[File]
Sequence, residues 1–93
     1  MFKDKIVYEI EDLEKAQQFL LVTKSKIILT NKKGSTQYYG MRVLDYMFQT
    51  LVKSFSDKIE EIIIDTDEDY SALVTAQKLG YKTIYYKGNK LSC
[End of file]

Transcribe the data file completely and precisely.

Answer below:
Sequence, residues 1–93
     1  MFKDKIVYEI EDLEKAQQFL LVTKSKIILT NKKGSTQYYG MRVLDYMFQT
    51  LVKSFSDKIE EIIIDTDEDY SALVTAQKLG YKTIYYKGNK LSC